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How About a Spot of Tea?

Updated: Feb 25

Before I came to live in the U.S.A. I visualized people getting together over a cup of coffee, with the coffee pot on the stove and coffee ready to pour instantaneously. Not exactly.

Nearly everyone I know has to have their first cup of coffee in the morning before their eyes are really open. This is the one time when it is absolutely essential in daily life for the majority of Americans.

Tea in Britain is so much more than that.

If you are cold, tea will warm you;

If you are heated, it will cool you;

If you are depressed, it will cheer you;

If you are excited, it will calm you.

-William Gladstone

Yes, Brits have their tea first thing in the morning and they do drink coffee from time to time during the day, especially after a really good meal.

Tea is a panacea for all our troubles and ills. It is over tea that many of life’s problems, big and small, become solvable. And Tea is also used to cap a good night out at the theatre, or as a reward for some accomplishment – like cleaning the oven or finishing the ironing.

When you have an exasperating, exhausting day shopping and get home with your packages, before you put anything away, you put the kettle ‘on’ to make a cup of tea.

If you have just taken the dog out for a walk in the usual blustery, cool, rainy weather of Britain, when you get inside your home and the dog shakes itself, you put the kettle ‘on’.

A neighbour has come over for a chat, well a ‘cuppa’ is called for – with some McVities Digestive Biscuits, of course.

You have had some bad news and you are stunned, but you know having a cup of tea will help you deal with the situation.

A group of friends have been playing tennis, there are some winners and some losers, but all want to flop down from the exhilaration and heat to celebrate the winners, console the losers and calm everyone with a nice cup of tea. This is when you will hear “Will you be mother” because someone has to be assigned to pouring the tea and handing out the cups.

At the Emergency Room when your child has his collar bone reset from a fall – someone will bring you a cup of tea.

‘Cups of Tea’ is a ‘medicine’ often seen in emergency rooms and given to patients and their loved ones to cover any emergencies.

Headache, nauseousness and a runny nose will prompt mother or spouse to say “I’ll bring you a cup of tea.”

Returning from a lovely vacation, sighing that sigh that signifies ‘east, west, home’s best’ a cup of tea goes with the relief you feel to be back to your own bed and washing machine.

TV crime shows from Britain always show the detectives getting tea from the victims being interviewed or even the ”interested parties”. I am always surprised to see the pretty tea sets in these scenes – like they knew the police would be needing some tea and have the tray ready.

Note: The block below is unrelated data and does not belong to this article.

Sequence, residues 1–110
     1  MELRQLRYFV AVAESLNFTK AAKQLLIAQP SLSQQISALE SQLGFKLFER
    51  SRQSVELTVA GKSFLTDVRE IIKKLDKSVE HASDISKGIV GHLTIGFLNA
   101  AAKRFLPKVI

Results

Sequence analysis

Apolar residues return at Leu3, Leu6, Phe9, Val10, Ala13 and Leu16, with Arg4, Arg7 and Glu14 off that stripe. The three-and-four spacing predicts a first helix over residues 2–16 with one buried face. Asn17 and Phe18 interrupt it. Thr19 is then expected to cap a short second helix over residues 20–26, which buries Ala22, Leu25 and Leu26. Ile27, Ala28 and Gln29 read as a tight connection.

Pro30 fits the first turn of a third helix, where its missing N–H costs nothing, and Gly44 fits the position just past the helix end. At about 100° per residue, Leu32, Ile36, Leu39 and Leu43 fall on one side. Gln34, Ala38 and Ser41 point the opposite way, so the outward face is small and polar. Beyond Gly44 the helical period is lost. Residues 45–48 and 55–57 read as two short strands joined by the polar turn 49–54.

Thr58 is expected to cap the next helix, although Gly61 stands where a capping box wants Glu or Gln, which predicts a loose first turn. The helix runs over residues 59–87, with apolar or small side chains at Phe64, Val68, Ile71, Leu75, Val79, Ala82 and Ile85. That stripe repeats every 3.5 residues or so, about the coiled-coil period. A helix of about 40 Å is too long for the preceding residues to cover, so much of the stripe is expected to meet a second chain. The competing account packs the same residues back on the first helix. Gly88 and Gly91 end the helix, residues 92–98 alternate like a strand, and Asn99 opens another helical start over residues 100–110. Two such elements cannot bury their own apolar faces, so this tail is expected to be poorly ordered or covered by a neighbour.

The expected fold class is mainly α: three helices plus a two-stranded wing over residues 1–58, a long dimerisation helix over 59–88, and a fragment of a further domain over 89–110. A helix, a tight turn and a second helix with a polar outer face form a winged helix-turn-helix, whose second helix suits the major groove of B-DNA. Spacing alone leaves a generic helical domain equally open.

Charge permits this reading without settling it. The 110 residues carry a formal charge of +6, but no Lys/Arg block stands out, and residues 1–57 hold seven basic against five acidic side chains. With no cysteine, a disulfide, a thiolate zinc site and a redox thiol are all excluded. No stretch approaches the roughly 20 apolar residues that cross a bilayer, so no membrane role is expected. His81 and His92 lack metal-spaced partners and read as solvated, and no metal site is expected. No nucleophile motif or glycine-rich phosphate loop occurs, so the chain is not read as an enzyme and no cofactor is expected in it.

For the British, taking tea is intricately woven into their

collective personality and psyche.

A cup of tea on arrival at a country house is a thing which, as a rule,

I particularly enjoy. I like the crackling logs, the shaded lights,

the scent of buttered toast,

the general atmosphere of leisured coziness.

- P.G. Wodehouse

They were sitting at one of the tables now, Daphne had put out tea things, a cuppa being the true Englishman’s cure for everything from tired feet to mass murder. -Martha Grimes

Do we always have a tea set at the ready?

Do we always have a piece of cake in a tin available?

Are there any digestive biscuits left in the package?

Do you have a kettle, electric or otherwise?

And, more importantly do you have tea leaves in tea bags

or loose in a caddy?

Yes to all

What are you putting the kettle ‘on’? It originally meant it was on the hob or a trivet which swung over the fire to keep the kettle boiling all the time. Now it means you have turned on the heat under the kettle to bring the water in it to a boil.

Supplies for everyday ordinary tea.

Tea – in bags or loose – in a tea caddy. Indian (Black) tea is most popular with fragrant teas like Earl Grey coming in second and China (green) a distant third.

A tea pot that is a good pourer. Tea cozy - we use tea cozies to keep the want the pot to be hot.

A kettle. We don’t call it a tea kettle- what else do you do with a kettle except boil water for tea? (Occasionally to make instant coffee or use in a coffee press).

Milk and thin slices of lemon.

Sugar or sugar substitutes.

If using loose tea you may want to have a tea strainer on hand,

but if you strain the leaves you won’t be able to read the

tea leaves in your guests cups.

Home-made tea cozy with teapot nest, hotpad and decorative cover for the tea cozy.

The most important element of making tea is the water must be freshly obtained from a faucet, any water still in the kettle must be poured out, (we shan’t have stale water). Boil the water in a kettle, not the microwave, pour immediately into a pot or cups with tea bag/loose tea and leave to steep for 3 minutes.